In the links provided below you will find an introductory set of slides presenting the proposed structural changes, two feedback forms to capture your thoughts, and PDFs of the draft principles.
In summary, here are just a few of the proposed changes, please view the attached slides for further detail. None of the proposed wording or terminology is set, and now is your opportunity to provide feedback.
Top 7 proposed changes to the curriculum architecture
broad changes to the design of the undergraduate and postgraduate course structure
standardised unit weighting to 10 credit points for all units at undergraduate and postgraduate level
course structures that meet discipline and accreditation requirements
introduction of the concepts of ‘depth’, ‘breadth’ and ‘foundation’ zones that define course components
clear distinction between generalist and specialist undergraduate degrees
volume of learning defined by point of admission for postgraduate degrees
agile structures that support vertical degrees and micro-credentialing.
We encourage you to read through the information in the slides before you start reviewing the draft principles and providing feedback.
Curriculum Architecture Draft Principles Workshop Slides – June 2018 >
The MQ Model Undergraduate Working Paper >
The MQ Model Postgraduate and MicroCourse Working Paper >
Undergraduate draft principles feedback form >
Postgraduate draft principles feedback form >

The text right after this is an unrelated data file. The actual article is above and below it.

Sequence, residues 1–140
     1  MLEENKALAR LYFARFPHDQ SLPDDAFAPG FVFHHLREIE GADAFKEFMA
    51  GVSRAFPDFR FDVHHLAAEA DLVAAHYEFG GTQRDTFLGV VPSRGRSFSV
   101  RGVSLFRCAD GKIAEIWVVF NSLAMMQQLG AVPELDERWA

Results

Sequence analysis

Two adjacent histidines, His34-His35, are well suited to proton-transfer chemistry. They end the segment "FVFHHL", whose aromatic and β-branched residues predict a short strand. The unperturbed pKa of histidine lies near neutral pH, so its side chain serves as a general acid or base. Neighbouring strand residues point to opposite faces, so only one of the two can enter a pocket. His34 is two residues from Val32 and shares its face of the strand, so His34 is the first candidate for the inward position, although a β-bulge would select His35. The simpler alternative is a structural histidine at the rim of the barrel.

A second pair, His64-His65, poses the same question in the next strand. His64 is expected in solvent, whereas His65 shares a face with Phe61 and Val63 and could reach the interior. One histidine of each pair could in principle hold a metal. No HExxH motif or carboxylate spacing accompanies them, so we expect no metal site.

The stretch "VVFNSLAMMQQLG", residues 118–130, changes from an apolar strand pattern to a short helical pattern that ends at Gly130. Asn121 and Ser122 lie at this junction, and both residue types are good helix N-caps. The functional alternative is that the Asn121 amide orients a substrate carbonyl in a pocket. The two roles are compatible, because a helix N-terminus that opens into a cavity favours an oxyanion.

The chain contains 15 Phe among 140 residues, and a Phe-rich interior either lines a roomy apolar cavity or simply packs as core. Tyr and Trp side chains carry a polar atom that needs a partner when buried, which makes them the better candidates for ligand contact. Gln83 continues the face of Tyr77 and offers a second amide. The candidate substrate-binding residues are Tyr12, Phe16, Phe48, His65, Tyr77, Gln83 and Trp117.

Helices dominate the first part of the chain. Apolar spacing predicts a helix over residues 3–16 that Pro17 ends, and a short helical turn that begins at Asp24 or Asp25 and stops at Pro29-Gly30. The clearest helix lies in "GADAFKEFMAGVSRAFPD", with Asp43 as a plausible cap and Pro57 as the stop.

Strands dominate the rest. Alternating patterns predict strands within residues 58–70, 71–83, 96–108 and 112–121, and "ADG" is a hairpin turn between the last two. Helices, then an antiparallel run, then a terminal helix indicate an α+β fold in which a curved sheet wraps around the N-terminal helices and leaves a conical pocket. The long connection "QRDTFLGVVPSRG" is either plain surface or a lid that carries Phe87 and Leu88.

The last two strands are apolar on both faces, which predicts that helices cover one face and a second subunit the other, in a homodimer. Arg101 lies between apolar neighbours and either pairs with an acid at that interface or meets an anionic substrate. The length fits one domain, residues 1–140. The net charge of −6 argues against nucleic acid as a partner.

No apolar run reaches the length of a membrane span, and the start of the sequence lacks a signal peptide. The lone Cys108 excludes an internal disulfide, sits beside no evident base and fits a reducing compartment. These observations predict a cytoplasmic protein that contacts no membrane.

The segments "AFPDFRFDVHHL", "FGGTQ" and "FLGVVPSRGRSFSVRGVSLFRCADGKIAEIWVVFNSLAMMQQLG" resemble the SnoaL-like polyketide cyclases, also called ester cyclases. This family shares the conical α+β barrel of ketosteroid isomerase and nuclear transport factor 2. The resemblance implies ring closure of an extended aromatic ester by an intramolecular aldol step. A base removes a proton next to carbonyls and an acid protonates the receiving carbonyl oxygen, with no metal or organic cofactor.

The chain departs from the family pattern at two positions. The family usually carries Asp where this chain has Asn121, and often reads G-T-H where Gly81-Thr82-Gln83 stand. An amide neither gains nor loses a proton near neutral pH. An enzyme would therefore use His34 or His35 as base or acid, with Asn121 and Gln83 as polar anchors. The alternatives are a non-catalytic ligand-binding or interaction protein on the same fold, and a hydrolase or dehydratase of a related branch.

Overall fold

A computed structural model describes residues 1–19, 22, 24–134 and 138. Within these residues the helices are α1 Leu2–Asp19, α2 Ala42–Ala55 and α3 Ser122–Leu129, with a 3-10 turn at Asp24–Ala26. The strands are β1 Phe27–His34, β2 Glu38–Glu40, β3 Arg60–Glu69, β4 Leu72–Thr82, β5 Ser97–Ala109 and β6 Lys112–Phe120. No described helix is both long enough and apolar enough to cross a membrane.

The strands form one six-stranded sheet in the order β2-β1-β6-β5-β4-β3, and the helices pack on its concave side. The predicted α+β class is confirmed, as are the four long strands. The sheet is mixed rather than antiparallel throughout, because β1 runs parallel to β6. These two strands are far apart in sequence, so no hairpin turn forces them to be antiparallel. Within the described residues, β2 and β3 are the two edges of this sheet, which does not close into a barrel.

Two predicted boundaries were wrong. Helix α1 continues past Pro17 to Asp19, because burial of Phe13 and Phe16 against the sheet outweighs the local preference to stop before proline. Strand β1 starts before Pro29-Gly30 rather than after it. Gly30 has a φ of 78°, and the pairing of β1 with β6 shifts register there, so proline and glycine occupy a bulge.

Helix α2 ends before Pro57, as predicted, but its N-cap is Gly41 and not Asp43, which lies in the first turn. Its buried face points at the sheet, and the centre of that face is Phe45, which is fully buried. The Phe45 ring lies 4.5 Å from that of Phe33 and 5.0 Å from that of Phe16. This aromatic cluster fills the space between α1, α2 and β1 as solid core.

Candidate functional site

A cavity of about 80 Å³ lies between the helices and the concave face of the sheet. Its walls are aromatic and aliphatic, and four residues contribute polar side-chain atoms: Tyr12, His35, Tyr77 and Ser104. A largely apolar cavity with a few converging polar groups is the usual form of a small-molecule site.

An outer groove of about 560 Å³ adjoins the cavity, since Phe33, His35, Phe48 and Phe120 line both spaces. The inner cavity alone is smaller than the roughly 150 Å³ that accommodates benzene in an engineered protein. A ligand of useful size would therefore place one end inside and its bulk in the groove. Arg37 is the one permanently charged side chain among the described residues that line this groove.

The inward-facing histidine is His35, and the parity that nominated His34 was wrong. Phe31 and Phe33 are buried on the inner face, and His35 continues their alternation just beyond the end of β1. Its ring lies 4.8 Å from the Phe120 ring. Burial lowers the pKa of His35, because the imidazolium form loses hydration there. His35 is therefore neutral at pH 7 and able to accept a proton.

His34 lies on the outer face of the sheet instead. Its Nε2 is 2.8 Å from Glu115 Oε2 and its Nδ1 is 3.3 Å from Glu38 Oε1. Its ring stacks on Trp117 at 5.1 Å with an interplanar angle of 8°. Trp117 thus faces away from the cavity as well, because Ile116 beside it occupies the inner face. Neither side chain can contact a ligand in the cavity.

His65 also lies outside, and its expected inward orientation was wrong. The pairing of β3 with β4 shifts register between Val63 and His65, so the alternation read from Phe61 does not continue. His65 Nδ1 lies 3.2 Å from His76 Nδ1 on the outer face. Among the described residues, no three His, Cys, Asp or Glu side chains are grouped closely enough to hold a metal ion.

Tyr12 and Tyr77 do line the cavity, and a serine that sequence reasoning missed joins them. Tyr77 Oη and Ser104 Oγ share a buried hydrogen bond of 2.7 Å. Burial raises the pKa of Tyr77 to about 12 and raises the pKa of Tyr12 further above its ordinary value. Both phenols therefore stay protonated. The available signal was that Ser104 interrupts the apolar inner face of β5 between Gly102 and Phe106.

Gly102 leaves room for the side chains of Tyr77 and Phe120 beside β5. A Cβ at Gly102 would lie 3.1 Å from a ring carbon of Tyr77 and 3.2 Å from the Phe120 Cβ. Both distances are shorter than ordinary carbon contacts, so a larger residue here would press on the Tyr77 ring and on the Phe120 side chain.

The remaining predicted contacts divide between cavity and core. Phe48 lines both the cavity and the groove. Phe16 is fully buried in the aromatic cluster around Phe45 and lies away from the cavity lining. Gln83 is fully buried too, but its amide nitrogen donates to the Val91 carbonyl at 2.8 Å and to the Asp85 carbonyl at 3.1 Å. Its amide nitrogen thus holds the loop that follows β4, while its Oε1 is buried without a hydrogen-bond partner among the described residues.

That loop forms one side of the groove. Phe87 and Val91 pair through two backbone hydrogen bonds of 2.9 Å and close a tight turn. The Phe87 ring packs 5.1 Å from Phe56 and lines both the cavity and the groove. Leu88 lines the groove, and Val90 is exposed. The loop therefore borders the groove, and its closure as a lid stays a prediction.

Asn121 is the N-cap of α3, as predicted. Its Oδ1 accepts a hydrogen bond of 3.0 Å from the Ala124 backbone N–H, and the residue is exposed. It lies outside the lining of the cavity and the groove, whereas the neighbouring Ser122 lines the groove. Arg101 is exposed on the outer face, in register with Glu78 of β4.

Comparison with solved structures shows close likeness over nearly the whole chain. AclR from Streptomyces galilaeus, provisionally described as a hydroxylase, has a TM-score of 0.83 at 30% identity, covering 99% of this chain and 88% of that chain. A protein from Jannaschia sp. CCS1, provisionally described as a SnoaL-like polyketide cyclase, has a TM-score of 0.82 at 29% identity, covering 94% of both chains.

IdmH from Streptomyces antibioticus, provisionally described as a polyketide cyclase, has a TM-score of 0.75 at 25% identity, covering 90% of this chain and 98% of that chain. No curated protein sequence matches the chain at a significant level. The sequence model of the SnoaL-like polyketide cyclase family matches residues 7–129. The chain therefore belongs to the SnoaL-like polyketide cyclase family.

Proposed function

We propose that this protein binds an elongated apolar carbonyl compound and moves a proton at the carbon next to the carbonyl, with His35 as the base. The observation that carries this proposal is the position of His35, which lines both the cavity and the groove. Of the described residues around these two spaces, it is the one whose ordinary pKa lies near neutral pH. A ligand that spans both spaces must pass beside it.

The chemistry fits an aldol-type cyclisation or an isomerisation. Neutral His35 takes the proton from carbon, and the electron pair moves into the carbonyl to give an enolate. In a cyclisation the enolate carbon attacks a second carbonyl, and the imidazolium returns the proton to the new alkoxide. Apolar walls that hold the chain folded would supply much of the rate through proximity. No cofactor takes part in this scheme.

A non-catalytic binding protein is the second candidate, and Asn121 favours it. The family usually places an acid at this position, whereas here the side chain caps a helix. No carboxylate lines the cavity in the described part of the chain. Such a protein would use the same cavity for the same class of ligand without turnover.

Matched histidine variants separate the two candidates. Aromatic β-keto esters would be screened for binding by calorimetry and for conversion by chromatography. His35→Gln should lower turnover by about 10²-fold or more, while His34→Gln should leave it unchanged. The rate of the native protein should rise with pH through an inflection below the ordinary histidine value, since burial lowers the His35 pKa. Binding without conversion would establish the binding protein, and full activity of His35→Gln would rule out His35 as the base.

Use your OneID username and password to access the feedback forms.
The opportunity to provide feedback closes Monday 25 June (extended from 20 June).
We will continue to update you via Teche with summaries of feedback and new developments.
As always, if you have any questions or concerns, please contact email@example.com.
Mariella Herberstein (Chair of Academic Senate) & Kevin Jameson (DVC, A)
*What is a Curriculum Architecture?
A curriculum architecture speaks to the structural elements of a curriculum. It defines the volume of learning and the required compulsory elements for the completion of a degree: the requirement for a major or specialisation and any compulsory elements at the degree level (e.g. PACE, Capstone). It does not define curriculum content.
Whatever Curriculum, program models MQ University can come up with, in order to adjust to the changing world and improve our market share, we as university should be sure that the new Curriculum will:
•Allow MQ to compete with Sydney Universities as well as major Australian Universities,
•Eliminate the current weakness in the current system,
•Should be flexible and agile to accommodate and un expected changes in local and international market,
•Take in consideration the online world and virtual labs and virtual universities,
•Allow MQ student to study some courses at different universities around the world in some cases,
•Easy for students to understand and allow them to enrol online without any academic advise to reduce the admin work load,
•Program units should target the job market needs and requirements for the next 5 to 15 years at any point in time,
•Delta between our graduates knowledge, experience and the market needs and requirements should be kept to minimum,
•Hands on labs and software tools, creativity, interactive lectures and group based learning.
•Industry engagement with main market players.